Latest update

This Advice was last issued on Monday, 22 June 2015.   This advice has been reviewed and updated. It contains new information, including on changes to registration requirements for visitors and documentation required for marriage in Kazakhstan. The level of the advice has not changed. We continue to advise Australians to exercise normal safety precautions in Kazakhstan.

Kazakhstan overall


  • We advise you to exercise normal safety precautions in Kazakhstan. You should exercise common sense and look out for suspicious behaviour, as you would in Australia. Monitor the media and other sources for changes to local travelling conditions.
  • Australia does not have an embassy or consulate in Kazakhstan. The Canadian Embassy located in Astana, provides limited consular assistance to Australians in Kazakhstan. This service includes the issuance of Provisional Travel Documents and conducting interviews, and certifying copies of documents for Australian passports. The Australian Embassy in Moscow can also assist Australians in Kazakhstan. For additional information on consular services available to Australians in Kazakhstan, contact the Australian Embassy in Moscow in the first instance.
  • See Travel Smart for general advice for all travellers.
  • Be a smart traveller. Before heading overseas:
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Entry and exit

As visa and other entry and exit conditions (such as currency, customs and quarantine regulations) can change at short notice, you should contact the nearest Embassy or consulate of Kazakhstan for the most up to date information.

Kazakhstan strictly regulates visas. Australians are advised to ensure they hold the appropriate visa for their visit to Kazakhstan, especially business and work visas. Check the validity dates for your visa and associated restrictions before travelling. Penalties for visa infringements, including overstaying, include fines, imprisonment and deportation.

At certain border points, travellers are sometimes provided with a stamped migration entry card. Keep this card in your passport as it may be required when exiting Kazakhstan or when undertaking official business.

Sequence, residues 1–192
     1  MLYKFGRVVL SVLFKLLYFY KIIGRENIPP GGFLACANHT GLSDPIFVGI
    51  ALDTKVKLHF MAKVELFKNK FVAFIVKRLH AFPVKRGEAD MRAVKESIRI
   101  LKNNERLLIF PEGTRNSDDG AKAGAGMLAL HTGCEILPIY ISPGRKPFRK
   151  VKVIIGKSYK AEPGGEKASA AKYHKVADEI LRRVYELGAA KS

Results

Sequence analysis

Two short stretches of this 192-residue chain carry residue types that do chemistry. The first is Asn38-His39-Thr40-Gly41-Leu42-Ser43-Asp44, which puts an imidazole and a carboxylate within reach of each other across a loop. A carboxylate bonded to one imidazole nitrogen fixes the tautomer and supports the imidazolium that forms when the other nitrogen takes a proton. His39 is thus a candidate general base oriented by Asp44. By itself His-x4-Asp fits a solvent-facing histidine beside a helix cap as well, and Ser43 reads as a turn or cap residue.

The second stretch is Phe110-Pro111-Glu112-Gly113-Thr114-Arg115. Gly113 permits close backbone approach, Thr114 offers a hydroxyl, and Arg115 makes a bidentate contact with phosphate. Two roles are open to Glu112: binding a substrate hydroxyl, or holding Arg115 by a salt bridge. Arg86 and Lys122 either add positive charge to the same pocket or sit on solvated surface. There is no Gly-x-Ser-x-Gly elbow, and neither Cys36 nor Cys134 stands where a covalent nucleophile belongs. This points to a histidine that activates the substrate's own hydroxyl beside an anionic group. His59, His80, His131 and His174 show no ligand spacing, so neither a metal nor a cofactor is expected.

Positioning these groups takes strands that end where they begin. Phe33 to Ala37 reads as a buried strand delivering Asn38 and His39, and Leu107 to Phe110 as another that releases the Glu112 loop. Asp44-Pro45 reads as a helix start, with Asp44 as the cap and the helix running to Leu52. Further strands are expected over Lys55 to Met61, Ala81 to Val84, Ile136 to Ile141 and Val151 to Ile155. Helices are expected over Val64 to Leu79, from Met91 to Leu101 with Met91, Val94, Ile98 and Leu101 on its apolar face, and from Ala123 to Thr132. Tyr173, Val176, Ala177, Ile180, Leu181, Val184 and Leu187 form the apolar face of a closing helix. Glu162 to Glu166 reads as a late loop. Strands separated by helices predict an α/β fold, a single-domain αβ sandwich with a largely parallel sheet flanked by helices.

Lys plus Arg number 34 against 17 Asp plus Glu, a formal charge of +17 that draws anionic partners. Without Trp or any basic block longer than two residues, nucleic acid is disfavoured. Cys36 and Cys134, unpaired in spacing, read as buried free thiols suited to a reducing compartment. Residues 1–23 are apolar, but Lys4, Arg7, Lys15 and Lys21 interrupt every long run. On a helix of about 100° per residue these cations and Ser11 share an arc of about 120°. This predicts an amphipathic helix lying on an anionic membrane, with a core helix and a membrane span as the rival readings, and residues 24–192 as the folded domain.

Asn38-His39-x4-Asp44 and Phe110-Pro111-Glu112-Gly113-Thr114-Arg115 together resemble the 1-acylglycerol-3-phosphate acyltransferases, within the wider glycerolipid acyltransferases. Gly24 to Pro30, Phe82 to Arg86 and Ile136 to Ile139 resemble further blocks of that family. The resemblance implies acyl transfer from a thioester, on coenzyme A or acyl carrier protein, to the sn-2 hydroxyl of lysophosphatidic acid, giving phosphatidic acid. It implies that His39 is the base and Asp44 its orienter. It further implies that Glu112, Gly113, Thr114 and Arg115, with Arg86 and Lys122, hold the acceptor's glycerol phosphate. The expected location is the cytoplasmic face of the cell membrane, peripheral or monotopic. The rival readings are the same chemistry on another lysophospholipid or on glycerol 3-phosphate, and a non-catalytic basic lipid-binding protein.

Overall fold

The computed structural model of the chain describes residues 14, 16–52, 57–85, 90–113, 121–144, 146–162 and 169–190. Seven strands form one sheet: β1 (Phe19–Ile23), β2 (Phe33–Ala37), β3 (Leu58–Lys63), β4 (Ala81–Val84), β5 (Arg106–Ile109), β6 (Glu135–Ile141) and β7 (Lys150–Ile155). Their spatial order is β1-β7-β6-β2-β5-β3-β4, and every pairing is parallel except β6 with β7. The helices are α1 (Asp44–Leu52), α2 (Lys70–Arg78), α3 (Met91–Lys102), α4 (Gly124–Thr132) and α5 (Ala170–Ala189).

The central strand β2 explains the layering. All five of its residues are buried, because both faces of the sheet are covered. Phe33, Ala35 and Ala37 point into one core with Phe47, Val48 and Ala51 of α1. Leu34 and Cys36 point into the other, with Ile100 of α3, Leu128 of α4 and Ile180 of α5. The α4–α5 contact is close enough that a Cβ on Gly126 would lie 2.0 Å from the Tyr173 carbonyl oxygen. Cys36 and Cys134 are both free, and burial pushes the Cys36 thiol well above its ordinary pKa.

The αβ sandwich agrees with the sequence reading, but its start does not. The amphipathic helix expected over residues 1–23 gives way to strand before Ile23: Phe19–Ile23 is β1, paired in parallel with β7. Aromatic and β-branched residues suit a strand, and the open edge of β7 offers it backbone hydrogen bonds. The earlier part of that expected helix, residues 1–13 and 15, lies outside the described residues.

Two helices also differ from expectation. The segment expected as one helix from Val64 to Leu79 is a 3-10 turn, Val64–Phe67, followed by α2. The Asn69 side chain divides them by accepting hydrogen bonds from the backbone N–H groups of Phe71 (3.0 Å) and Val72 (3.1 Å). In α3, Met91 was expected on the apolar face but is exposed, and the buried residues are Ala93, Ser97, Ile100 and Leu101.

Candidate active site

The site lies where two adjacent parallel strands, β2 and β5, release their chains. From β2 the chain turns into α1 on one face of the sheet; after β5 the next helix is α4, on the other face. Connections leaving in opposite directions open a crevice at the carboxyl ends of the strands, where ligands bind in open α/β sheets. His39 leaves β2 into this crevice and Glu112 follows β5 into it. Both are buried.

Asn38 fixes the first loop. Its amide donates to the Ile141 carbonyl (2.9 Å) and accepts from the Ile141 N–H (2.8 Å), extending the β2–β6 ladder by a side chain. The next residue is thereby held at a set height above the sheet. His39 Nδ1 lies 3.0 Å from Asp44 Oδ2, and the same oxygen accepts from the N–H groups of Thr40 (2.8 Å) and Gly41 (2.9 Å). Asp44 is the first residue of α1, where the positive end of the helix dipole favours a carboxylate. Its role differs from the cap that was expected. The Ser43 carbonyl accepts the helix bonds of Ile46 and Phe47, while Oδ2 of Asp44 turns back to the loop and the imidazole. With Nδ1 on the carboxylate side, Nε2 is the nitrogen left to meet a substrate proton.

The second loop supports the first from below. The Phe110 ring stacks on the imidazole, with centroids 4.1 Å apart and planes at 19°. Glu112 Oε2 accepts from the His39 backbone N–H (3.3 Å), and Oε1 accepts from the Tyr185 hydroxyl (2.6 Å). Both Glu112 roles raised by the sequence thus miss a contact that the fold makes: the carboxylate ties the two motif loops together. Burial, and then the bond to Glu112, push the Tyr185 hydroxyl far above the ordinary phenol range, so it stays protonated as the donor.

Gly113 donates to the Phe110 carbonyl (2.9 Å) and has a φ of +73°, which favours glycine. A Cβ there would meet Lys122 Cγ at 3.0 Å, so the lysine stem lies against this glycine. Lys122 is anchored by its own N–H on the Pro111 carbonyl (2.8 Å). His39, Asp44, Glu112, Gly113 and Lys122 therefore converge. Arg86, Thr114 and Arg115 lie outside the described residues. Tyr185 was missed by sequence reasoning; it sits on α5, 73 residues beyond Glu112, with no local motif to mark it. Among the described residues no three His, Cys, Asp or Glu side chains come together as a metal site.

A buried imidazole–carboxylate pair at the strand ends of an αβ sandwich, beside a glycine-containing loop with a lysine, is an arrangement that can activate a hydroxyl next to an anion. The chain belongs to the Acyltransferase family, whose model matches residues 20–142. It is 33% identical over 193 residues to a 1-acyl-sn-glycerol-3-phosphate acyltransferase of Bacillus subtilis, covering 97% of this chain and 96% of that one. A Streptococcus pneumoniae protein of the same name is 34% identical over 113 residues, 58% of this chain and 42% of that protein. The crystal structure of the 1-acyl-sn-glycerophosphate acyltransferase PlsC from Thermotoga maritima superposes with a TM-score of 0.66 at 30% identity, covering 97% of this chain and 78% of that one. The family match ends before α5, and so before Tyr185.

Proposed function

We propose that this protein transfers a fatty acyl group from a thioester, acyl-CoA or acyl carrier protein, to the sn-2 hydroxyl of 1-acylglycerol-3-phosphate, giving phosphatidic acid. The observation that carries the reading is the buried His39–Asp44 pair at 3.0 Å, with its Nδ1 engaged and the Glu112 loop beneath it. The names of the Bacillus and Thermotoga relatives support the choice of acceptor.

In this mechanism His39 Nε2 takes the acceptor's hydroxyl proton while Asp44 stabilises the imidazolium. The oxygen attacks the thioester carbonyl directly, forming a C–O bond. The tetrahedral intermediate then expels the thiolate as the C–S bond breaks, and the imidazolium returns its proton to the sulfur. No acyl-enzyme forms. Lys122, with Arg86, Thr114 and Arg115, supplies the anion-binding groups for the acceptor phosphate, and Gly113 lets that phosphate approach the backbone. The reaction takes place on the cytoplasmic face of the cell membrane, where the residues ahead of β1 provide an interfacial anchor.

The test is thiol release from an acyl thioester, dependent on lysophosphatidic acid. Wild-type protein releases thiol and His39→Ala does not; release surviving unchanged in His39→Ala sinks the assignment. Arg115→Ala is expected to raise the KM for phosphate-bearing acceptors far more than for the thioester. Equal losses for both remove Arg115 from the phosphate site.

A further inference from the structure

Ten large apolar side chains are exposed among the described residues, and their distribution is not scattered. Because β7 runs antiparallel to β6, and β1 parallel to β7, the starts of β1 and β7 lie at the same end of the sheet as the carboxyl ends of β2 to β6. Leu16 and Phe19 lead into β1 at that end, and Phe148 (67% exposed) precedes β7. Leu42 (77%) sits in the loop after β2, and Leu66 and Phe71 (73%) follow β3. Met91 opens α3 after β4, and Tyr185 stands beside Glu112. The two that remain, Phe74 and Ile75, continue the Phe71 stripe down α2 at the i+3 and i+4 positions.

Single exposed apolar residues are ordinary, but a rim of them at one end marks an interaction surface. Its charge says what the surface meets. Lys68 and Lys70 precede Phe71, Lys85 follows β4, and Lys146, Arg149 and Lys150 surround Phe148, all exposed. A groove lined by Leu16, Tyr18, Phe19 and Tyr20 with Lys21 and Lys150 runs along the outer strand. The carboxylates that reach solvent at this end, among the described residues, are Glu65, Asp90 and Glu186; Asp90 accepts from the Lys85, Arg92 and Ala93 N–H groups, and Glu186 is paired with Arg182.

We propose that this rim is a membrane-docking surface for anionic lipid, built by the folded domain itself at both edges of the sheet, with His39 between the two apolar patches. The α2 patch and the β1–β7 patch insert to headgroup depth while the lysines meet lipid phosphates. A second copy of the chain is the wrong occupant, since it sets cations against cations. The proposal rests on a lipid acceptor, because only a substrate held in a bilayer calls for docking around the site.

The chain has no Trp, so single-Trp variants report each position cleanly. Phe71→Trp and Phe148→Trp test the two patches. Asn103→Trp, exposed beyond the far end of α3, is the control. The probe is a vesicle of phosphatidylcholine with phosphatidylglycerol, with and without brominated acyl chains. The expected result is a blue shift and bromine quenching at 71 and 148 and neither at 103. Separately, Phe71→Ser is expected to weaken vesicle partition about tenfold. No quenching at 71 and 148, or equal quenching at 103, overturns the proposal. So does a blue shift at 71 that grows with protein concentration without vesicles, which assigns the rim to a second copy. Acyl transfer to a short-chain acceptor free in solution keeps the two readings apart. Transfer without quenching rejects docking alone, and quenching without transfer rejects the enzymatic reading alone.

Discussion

All visitors intending to stay for five days or more are required to register with the Kazakhstan Migration Police formerly known as the Office of Visa and Registration (OVIR), within five days of arrival. Visitors should contact their inviting organisation (listed on the visa) for assistance with registration with the Migration Police. Failure to register with the Migration Police can result in fines and significant delays on departure. For the most up to date information and additional requirements on registration, contact the nearest Embassy or consulate of Kazakhstan.

Children travelling alone or with one parent/guardian will require a letter of consent for travel signed by both parents.

There are strict regulations on the export of antiquities.

Strict border controls apply to road travel between Almaty (Kazakhstan) and Bishkek (Kyrgyz Republic).

To be allowed entry into Kazakhstan, you will be required to present a valid yellow fever vaccination certificate if you are arriving from a country in which yellow fever is endemic. You will also require a valid medical certificate of a negative HIV test if you are intending on staying for more than three months.

Some medications available over the counter of by prescription in Australia, such as sleeping tablets or medication containing codeine, may be illegal or restricted in Kazakhstan. You should contact the nearest Embassy or Consulate of Kazakhstan for advice. You should also carry a copy of the prescription, a letter from your physician and declare all prescription medication and other restricted items on arrival. If not declared, or if the quantity held exceeds legal limits, possession of such items even with a doctor’s prescription, could lead to administrative or even criminal charges.

Make sure your passport has at least six months' validity from your planned date of return to Australia.

Safety and security


Robbery, pickpocketing, purse snatching and assaults, including with violence, occur on public transport, in parks, shopping areas, open markets (including the Green Market in Almaty), restaurants and near major tourist hotels and nightclubs, especially in the Almaty region. The risk of crime increases at night.